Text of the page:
What does it mean to be in the wilderness?

I spent a good hunk of 2020 moving between ranches in the Great Plains states—a near-nomadic stint of life in literal wilderness. It was an accidental metaphor for the world at large during a global pandemic. I can draw some parallels.

In my experience, the wilderness is a place where transience meets monotony. 

Out in the boonies of western Montana, Colorado, and Nebraska, I was out of my comfort zone in just about every way possible. Sleeping on couches and in basements, I was unsure where I’d be the following week, if I’d be warm enough, or if I’d have access to a stovetop. I wasn’t in class, I was far from my support systems, and my typically inundated calendar was all but blank. The usual order I recognized as my life was gone. Transience: an absence of structure, an inability to take anything as given.

Meanwhile, my hours poured forward without much distinction, my days without much event. The terrain around me seemed to echo the state of my life: uncluttered, unnoisy, uninteresting more often than not. I rarely had access to the internet or phone service. The work I was doing there inched along at a pace that felt tedious. Monotony: an absence of distraction and engagement.

Sound familiar? In this wilderness we’re all experiencing together, separately, the static forces governing our days are transience and monotony. Like the Israelites, we’re moving constantly through nothingness. Our grip on what’s what is uprooted again and again by a world’s worth of fury, yet many of us experience this chaos from the boredom of our quiet, circumscribed lives. Like a storm inside a vacuum.

We might be getting a taste of what Jesus experienced when he was tested in the wilderness (Matthew 4:1-11). It’s not pleasant. But Matthew tells us that the Spirit led Jesus there, that Christ’s intense hunger was the result of fasting. Jesus’ experience in the wilderness was in every way purposeful. Why?

The same reason that leads us into Lent: there is much to be gained in the experience of our weakness. We lay our frailty bare by stripping away the stuff that normally—thoughtlessly—fills our bellies. And the wilderness is the perfect testlab for experimenting with absence.

How do we lean on the structures in our life to find meaning? How much of ourselves do we stake in our schedules or social groups? What of our spiritual lives do we sacrifice to fleeting distractions? When we feel the absence of these things, we realize the extent to which we worship them. When we can’t count on what comes next, we can only take comfort in the immutable promises of God. It’s been painful and bewildering, but our ever-shifting wilderness has forced us to reckon with the dependencies that form when we think we can predict the future. We have learned that we have nothing but God, that nothing holds water like His love for us. Many of us knew this in theory. Now it’s brutally, mercifully clear. 

The testing we undergo in the wilderness is harrowing if not agonizing. But this place is also where God demonstrates His presence and provision in miraculous ways. With nothing in our hands this past year, we’ve had room to receive manna. We’ve been able to witness God’s glory because, in our vacuum-sealed solitude, there is quiet enough to hear and clarity enough to see.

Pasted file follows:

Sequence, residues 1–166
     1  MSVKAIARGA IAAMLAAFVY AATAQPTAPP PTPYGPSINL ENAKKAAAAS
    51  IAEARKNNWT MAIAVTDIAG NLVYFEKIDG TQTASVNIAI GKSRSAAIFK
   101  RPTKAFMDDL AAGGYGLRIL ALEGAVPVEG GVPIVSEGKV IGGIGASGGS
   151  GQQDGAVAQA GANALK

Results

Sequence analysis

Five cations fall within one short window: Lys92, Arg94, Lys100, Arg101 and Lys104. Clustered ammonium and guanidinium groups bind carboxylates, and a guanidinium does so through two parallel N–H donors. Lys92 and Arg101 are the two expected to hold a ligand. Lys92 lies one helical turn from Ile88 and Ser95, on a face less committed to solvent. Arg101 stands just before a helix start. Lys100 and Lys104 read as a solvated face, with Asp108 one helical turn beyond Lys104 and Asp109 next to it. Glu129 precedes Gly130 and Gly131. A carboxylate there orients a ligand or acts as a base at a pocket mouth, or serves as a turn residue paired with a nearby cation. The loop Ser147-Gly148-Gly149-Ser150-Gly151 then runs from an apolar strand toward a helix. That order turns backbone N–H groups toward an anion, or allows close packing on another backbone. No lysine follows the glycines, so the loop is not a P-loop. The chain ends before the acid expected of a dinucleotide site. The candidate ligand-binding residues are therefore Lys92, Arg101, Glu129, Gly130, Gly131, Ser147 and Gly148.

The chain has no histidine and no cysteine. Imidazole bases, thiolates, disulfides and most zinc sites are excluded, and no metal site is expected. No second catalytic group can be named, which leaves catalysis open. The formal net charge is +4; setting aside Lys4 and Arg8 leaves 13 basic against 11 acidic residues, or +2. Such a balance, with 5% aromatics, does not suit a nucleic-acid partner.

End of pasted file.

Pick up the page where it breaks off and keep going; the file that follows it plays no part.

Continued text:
But the lonelier our wilderness, the more easily we might lose ourselves in it. We’ve spent a long time here by ourselves. The markers that we usually measure ourselves by may have faded, our relationships stilted across screens. We’ve changed. Our bellies may be hollowed, our feet blistered, and our skin burnt. It’s easy to look at our altered selves and find that we don’t recognize them. Satan let Jesus wander and fast for 40 days before tempting Him—my guess is he anticipated that Jesus might dissociate from His divine sonship by that point. But when the tempter did his best, Jesus doubled down on His allegiance to the Father. To weather the Devil’s seductive wiles, He tethered Himself fast to His identity as a child of God. 

Our place in God’s kingdom means that we belong no matter how lost we feel. It is a permanent status, affixed to our souls even as we don’t recognize our own bodies and minds. This identity is the home that moves with us, evergreen through our rapid seasons of self.

Last fall as I moved through the mountains and valleys of the northern Midwest, a thought kept pricking at my senses—gently irritating, like the drip of a faucet. Am I still me? I felt like the book of my past life had closed. In this new story, I felt 10 years older: more hardened yet less sure. On long drives to new states, I tried to name the parts of me that remained. I was stronger, skinnier, sleepier, hungrier than the me I was in March. Sadder, too. I no longer wanted the future I’d been preparing for, but I hadn’t yet imagined a new future to look forward to. Feeling far away from myself, I wondered if there could be another me that got left behind. Who was this new person? 

I was standing in an open plain in central Colorado, an empty horizon in every direction, when I heard God speak. You are my beloved. He’d been saying this for some time, I realized. But the world was finally empty enough, the air quiet enough, that I could hear Him speaking over me.

Taylor Plett (‘21+1) is a Duke student on leave studying English.

This piece is a part of a syndicated series in collaboration with Yale Logos for Lent 2021. Read more at: https://www.yalelogos.com/lent-2021

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